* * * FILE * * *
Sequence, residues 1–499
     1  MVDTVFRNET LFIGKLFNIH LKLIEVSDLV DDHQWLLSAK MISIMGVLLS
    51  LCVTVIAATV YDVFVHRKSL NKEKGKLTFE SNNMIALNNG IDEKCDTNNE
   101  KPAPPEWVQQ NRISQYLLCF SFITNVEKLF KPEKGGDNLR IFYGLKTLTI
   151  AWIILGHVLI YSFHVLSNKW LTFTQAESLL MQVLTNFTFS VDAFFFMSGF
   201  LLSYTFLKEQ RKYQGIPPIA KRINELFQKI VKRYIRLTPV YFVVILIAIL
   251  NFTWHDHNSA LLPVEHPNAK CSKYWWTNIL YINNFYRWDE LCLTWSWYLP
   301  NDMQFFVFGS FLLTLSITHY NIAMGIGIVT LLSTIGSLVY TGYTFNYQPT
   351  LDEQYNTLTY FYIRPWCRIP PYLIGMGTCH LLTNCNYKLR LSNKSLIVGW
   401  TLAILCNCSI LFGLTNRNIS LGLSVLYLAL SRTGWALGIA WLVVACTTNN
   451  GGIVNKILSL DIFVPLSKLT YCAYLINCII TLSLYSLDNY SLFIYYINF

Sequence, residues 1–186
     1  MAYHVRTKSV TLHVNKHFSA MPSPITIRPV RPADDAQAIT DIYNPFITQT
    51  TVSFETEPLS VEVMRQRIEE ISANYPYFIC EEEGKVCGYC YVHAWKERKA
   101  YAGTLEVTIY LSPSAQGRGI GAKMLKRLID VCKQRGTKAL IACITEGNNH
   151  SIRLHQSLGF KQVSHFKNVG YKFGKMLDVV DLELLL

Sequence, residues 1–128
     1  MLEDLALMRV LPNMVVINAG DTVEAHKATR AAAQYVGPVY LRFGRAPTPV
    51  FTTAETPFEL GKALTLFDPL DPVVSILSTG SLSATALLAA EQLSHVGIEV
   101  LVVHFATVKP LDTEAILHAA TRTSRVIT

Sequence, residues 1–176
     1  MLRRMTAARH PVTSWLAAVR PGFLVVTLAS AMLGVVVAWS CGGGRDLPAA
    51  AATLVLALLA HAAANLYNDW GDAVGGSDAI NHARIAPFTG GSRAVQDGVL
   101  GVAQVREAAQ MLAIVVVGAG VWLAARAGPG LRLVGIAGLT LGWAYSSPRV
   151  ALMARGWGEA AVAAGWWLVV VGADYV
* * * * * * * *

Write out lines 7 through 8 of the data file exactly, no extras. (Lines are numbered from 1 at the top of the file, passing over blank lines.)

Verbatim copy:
   251  NFTWHDHNSA LLPVEHPNAK CSKYWWTNIL YINNFYRWDE LCLTWSWYLP
   301  NDMQFFVFGS FLLTLSITHY NIAMGIGIVT LLSTIGSLVY TGYTFNYQPT